To some parts of the country, corn belt states are known as flyover states. As people jet from coast to coast, the land below looks like swaths of brown, gold and green.
What others see as undeveloped property, farmers see as the most fertile real estate for growing.
"We put seed in this cold ground and walk away from it and expect it to multiply, and it does," said Porter County farmer Tim Stoner.
Indiana, which falls in the eastern corn belt, has prime conditions for cultivating, said Stoner, who sits on The Times Board of Economists.
"We live in a very rare part in the planet, just enough rain and heat to raise good corn and soybeans." he said.
Droughts are a threat, but more so out west, Stoner said.
Despite Indiana's ideal conditions, agriculture is still loaded with risks, because it relies on variable conditions like sun, rain and temperatures. Crop yields can be stunted or wiped out by drought, frost or floods.
Indiana is home to more than 60,000 farms, helping the state earn the status of eighth-leading agricultural exporter in the nation, according to the Indiana State Department of Agriculture.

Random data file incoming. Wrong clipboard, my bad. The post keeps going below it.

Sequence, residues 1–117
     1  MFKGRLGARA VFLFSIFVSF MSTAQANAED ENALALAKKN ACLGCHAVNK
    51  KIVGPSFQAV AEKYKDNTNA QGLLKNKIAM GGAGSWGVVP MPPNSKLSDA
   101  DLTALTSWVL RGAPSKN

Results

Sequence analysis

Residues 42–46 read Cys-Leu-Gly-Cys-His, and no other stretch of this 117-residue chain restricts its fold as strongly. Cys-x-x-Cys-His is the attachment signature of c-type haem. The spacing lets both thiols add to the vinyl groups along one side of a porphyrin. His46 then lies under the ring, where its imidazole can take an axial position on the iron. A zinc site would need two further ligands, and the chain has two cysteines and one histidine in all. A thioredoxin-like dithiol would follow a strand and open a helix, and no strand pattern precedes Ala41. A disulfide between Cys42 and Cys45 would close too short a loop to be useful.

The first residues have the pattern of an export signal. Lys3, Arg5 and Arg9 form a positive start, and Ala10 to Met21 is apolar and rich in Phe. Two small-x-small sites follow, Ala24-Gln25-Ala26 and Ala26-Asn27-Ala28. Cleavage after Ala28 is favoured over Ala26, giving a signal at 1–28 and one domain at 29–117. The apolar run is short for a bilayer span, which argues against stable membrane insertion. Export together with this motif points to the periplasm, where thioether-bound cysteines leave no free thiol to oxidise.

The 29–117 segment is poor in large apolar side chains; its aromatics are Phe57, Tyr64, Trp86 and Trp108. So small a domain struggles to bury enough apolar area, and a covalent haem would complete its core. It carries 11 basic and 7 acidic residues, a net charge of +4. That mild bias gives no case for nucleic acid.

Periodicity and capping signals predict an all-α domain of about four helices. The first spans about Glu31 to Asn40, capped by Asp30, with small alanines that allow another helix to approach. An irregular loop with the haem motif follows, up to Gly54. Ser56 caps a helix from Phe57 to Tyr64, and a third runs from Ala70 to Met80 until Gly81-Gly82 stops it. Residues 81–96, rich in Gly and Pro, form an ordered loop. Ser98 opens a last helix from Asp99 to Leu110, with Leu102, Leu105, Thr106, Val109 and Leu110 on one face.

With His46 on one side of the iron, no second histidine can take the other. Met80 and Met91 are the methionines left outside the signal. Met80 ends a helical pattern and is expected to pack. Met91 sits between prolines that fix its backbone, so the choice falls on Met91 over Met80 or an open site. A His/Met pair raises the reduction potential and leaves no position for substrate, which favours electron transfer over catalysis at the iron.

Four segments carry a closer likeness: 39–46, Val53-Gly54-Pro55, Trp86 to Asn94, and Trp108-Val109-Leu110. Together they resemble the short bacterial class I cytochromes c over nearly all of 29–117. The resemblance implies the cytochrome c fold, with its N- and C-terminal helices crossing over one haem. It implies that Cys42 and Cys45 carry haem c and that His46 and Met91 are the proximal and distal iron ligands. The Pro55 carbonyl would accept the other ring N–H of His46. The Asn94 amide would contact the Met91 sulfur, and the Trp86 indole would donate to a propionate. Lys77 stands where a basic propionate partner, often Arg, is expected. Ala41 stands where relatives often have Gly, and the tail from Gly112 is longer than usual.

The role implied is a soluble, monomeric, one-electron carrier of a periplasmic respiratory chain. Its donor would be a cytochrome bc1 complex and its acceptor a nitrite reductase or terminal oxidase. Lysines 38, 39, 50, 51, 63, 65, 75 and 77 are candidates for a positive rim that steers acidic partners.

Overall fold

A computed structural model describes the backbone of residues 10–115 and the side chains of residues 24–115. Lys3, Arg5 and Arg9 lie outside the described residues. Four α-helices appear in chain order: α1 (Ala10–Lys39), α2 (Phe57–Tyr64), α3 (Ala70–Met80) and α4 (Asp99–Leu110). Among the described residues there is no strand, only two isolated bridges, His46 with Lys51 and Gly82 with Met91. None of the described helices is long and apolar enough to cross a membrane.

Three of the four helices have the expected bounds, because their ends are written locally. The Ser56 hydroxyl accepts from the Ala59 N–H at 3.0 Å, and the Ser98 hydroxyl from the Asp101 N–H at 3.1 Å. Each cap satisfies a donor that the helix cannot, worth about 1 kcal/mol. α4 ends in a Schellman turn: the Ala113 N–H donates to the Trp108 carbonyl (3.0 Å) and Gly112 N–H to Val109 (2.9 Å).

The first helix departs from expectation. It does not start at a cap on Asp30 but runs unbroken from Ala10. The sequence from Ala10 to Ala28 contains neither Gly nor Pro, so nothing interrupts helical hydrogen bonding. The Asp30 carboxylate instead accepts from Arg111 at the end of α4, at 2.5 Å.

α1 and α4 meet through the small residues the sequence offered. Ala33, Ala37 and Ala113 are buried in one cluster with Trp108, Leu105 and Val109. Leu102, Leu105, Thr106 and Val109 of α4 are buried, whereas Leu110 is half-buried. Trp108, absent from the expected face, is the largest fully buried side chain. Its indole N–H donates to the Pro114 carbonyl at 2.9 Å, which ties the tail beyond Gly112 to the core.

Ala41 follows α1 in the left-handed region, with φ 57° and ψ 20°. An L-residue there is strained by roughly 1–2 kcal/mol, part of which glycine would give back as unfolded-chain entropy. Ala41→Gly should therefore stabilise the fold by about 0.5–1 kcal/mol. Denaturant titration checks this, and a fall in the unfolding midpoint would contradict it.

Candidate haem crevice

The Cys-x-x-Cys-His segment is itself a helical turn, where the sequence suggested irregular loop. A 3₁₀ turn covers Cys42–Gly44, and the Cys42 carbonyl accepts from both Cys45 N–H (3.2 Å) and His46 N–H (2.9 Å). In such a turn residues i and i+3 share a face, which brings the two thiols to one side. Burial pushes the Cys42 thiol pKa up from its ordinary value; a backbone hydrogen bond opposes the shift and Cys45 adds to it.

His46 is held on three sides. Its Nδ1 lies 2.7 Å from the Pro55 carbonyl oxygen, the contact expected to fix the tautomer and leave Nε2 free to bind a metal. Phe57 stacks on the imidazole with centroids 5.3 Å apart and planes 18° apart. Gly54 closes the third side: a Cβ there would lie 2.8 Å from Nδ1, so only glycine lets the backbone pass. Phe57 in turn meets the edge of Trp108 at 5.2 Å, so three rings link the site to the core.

The state is the fifth-leading corn producer in the nation, according to the group Farmers Feed Us.
Although heavy rain delayed some efforts this season, local farmers are expected to profit, Stoner said.
Purdue University in West Lafayette issued a news release Wednesday, stating an abundance of rain that led to delayed planting, combined with humidity, created conditions ideal for the spread of three diseases in young crops.
"Many fields across Indiana are currently at a younger growth stage than normal due to delayed planting and, therefore, may be at greater risk for yield loss due to disease development," said Kiersten Wise, a Purdue Extension plant pathologist.
Gray leaf spot, northern corn leaf blight and Goss's wilt have been detected in some Indiana crops and could lead to reduced yields at harvest time, according to Wise.